This article was first published on The Diamondback Online By Jad Sleiman
Yi Li started playing poker online during his freshman year in his Hagerstown dorm room. At first he only played a couple hours a day, but eventually the same game that made him $6,000 over two semesters became an addiction.
"I used to play instead of doing my schoolwork. I started falling behind," the senior math and physics major said. "I realized that it was taking up all of my life - I made a decent amount of money, but it's not worth it."
Li would play in between classes and during meals. Gambling quickly joined schoolwork as a major source of stress. But when he realized at the end of his freshman year that his grades were slipping, he quit betting cold turkey.
But Li was lucky.
A recent pilot study found that 7 percent of 400 randomly selected undergraduates on the campus showed signs of gambling addictions, while the university has no gambling awareness programs.
Public Health Professor Stephen McDaniel, who led the study, said the lack of any gambling addiction awareness program on campus worried him. If students don't know what a gambling addiction is, they won't seek help, he said.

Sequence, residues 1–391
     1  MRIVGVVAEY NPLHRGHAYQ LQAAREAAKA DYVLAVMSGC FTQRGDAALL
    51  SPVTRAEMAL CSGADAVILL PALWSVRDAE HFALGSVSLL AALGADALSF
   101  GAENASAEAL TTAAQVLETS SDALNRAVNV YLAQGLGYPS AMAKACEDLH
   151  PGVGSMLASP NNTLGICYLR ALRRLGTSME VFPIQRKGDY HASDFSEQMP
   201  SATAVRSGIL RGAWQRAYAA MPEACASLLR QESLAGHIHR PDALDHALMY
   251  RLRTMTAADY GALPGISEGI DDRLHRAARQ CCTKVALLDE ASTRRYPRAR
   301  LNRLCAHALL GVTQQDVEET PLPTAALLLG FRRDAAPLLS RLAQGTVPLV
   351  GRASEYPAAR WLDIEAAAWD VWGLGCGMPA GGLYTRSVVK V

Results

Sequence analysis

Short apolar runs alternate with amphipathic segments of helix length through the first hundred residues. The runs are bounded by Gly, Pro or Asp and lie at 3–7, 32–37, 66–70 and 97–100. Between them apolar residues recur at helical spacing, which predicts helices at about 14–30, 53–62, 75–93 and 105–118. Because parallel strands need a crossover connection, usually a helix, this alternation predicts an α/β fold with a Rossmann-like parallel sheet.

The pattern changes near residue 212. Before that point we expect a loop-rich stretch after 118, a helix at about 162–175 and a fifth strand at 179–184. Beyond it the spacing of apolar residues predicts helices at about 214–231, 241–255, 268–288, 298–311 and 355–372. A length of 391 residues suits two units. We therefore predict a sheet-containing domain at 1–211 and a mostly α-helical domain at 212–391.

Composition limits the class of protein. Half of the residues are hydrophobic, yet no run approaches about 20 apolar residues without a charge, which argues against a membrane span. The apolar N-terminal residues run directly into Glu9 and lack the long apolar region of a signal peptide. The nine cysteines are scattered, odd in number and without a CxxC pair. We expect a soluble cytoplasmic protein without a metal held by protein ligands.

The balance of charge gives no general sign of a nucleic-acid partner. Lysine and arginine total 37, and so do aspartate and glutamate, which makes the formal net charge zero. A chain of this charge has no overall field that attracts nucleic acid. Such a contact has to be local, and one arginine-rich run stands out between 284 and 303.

The preliminary research results showed, more than anything, that more serious studies needed to be done, McDaniel said.
In addition, a University of Missouri study found that most gambling addictions start during college years, whereas drinking and drug use tend to start in high school.
McDaniel said the majority of the problem at this university and others around the country is that students with gambling problems often do not realize they have a problem.
An awareness campaign would help problem gamblers or their friends recognize the disorder, he said.
"I don't remember seeing any. Since I don't see any, there definitely needs to be [more awareness programs]," Li said.
"Most people [with addiction problems] are in some sort of denial," said Jonathan Kandell, assistant director at the university Counseling Center.
He acknowledged the university's lack of gambling addiction programs, but added that awareness campaigns "probably wouldn't make a huge difference" because many students are reluctant to seek help for their friends.
At the University Health Center, officials said they generally treat alcohol and drug cases, but could refer gambling addicts to off-campus clinics.
"Traditionally what we've focused on is addiction as it relates to alcohol and other drugs," said Kendra Smoak, who is standing in for the assistant director for for health promotion at the health center. Smoak acknowledged "gaps" in the university's awareness programs when presented with McDaniel's findings.
A Harvard survey of universities and colleges around the nation found a little more than a quarter of schools have policies punishing gambling, while this one does not. At the University of Missouri, there is a dedicated staff that deals with gambling addicts and awareness.